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Every bit as brawling and vigorous as its prequel, The Shakespeare Stealer (1998), this takes young Widge, apprentice actor, on tour with Shakespeare’s own Chamberlain’s Men, to meet challenges to life and livelihood while unearthing clues to his hidden past. After the threat of plague closes London’s theaters, the company sets off to play smaller towns, leaving Widge’s friend Sander behind but hiring malicious, talented Salathiel Pavy away from another troupe to help portray the women and children. One by one, Sal begins taking over roles that once were Widge’s: welcome relief, at first, as Widge has plenty of other duties, including taking dictation for Will, who has broken an arm in the midst of composing a play tentatively titled Love’s Labours Won, to present to the Queen. Soon, however, an unfriendly rivalry develops between the two apprentices. Then, Widge gets a double shock: revisiting the orphanage where he spent his first few years, he learns his mother’s name, and ex-soldier Jamie Redshaw steps forward, claiming to be his father. Mixing swordplay and wordplay measure for measure—“ ‘He may vote as he will . . . for the will of the company outweighs the will of Will, will he or nil he . . . And the weal of the company . . . outweighs the weal of Will as well.’ ” Blackwood creates a vivid picture of the times, as the company encounters brigands, widespread fear of the plague, and internal dissension. When Redshaw is revealed as the Elizabethan equivalent of a con-man, Widge is forced to make some agonizing choices; he returns to London alone, just in time to see Sander die of plague. Then, screwing his courage to the sticking place, he challenges Sal to an actors’ duel, to see who would make the better Helena in the new play, now dubbed All’s Well That Ends Well. A first-rate tale, with a strong cast and plenty of insight into stagecraft and the art of acting. (Fiction. 11-13)

Pub Date: Sept. 1, 2000

ISBN: 0-525-46444-1

Page Count: 224

Publisher: Dutton

Review Posted Online: May 19, 2010

Kirkus Reviews Issue: Aug. 1, 2000

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Paulsen recalls personal experiences that he incorporated into Hatchet (1987) and its three sequels, from savage attacks by moose and mosquitoes to watching helplessly as a heart-attack victim dies. As usual, his real adventures are every bit as vivid and hair-raising as those in his fiction, and he relates them with relish—discoursing on “The Fine Art of Wilderness Nutrition,” for instance: “Something that you would never consider eating, something completely repulsive and ugly and disgusting, something so gross it would make you vomit just looking at it, becomes absolutely delicious if you’re starving.” Specific examples follow, to prove that he knows whereof he writes. The author adds incidents from his Iditarod races, describes how he made, then learned to hunt with, bow and arrow, then closes with methods of cooking outdoors sans pots or pans. It’s a patchwork, but an entertaining one, and as likely to win him new fans as to answer questions from his old ones. (Autobiography. 10-13)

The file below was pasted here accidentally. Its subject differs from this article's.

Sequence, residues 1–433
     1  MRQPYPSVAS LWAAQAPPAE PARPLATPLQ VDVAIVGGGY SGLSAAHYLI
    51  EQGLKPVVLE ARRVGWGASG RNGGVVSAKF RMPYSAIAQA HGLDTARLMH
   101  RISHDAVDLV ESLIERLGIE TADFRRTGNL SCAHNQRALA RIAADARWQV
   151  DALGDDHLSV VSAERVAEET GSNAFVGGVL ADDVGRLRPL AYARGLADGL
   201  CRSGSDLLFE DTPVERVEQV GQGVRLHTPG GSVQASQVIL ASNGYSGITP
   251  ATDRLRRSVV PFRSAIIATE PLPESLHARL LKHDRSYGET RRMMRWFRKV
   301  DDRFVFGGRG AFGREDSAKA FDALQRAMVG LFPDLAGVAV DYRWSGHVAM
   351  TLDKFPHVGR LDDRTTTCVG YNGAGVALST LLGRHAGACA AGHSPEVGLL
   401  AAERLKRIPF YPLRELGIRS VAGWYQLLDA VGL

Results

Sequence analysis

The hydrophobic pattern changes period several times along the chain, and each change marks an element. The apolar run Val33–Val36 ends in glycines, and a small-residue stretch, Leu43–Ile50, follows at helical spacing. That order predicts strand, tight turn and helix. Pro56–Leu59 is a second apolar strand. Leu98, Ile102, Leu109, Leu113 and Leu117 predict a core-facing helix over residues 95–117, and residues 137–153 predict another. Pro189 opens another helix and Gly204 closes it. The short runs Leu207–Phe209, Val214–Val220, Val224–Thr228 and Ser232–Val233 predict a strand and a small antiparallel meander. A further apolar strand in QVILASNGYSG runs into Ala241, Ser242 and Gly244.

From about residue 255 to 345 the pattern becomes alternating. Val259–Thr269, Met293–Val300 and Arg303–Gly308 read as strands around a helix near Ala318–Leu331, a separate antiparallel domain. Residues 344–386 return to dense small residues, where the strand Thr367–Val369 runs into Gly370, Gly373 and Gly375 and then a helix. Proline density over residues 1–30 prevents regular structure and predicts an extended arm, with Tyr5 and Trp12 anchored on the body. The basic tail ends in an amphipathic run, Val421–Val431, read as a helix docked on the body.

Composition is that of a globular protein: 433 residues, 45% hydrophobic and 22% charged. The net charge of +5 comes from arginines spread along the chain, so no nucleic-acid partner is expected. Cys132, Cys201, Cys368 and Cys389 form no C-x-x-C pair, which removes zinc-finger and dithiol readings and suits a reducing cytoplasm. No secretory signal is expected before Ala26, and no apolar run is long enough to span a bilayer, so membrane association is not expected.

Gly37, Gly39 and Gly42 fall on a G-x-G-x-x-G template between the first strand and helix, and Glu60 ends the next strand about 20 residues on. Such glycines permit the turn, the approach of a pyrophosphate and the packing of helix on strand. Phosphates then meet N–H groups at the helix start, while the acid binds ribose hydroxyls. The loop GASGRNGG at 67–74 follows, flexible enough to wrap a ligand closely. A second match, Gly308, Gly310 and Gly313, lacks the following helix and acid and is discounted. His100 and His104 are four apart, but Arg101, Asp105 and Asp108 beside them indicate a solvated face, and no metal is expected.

Pub Date: Feb. 1, 2001

ISBN: 0-385-32650-5

Page Count: 150

Publisher: Delacorte

Review Posted Online: May 19, 2010

Kirkus Reviews Issue: Dec. 15, 2000

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Characteristically provocative gothic comedy, with sublime undertones. (Autobiographical fiction. 11-13)

An exhilarating summer marked by death, gore and fire sparks deep thoughts in a small-town lad not uncoincidentally named “Jack Gantos.”

The gore is all Jack’s, which to his continuing embarrassment “would spray out of my nose holes like dragon flames” whenever anything exciting or upsetting happens. And that would be on every other page, seemingly, as even though Jack’s feuding parents unite to ground him for the summer after several mishaps, he does get out. He mixes with the undertaker’s daughter, a band of Hell’s Angels out to exact fiery revenge for a member flattened in town by a truck and, especially, with arthritic neighbor Miss Volker, for whom he furnishes the “hired hands” that transcribe what becomes a series of impassioned obituaries for the local paper as elderly town residents suddenly begin passing on in rapid succession. Eventually the unusual body count draws the—justified, as it turns out—attention of the police. Ultimately, the obits and the many Landmark Books that Jack reads (this is 1962) in his hours of confinement all combine in his head to broaden his perspective about both history in general and the slow decline his own town is experiencing.

Characteristically provocative gothic comedy, with sublime undertones. (Autobiographical fiction. 11-13)

Pub Date: Sept. 13, 2011

ISBN: 978-0-374-37993-3

Page Count: 352

Publisher: Farrar, Straus and Giroux

Review Posted Online: April 5, 2011

Kirkus Reviews Issue: Aug. 15, 2011

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